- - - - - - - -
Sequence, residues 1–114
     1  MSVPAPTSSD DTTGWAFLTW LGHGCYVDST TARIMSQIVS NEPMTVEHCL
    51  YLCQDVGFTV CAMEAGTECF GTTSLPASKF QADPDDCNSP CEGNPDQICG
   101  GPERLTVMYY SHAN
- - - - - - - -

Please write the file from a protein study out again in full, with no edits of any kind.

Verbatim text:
Sequence, residues 1–114
     1  MSVPAPTSSD DTTGWAFLTW LGHGCYVDST TARIMSQIVS NEPMTVEHCL
    51  YLCQDVGFTV CAMEAGTECF GTTSLPASKF QADPDDCNSP CEGNPDQICG
   101  GPERLTVMYY SHAN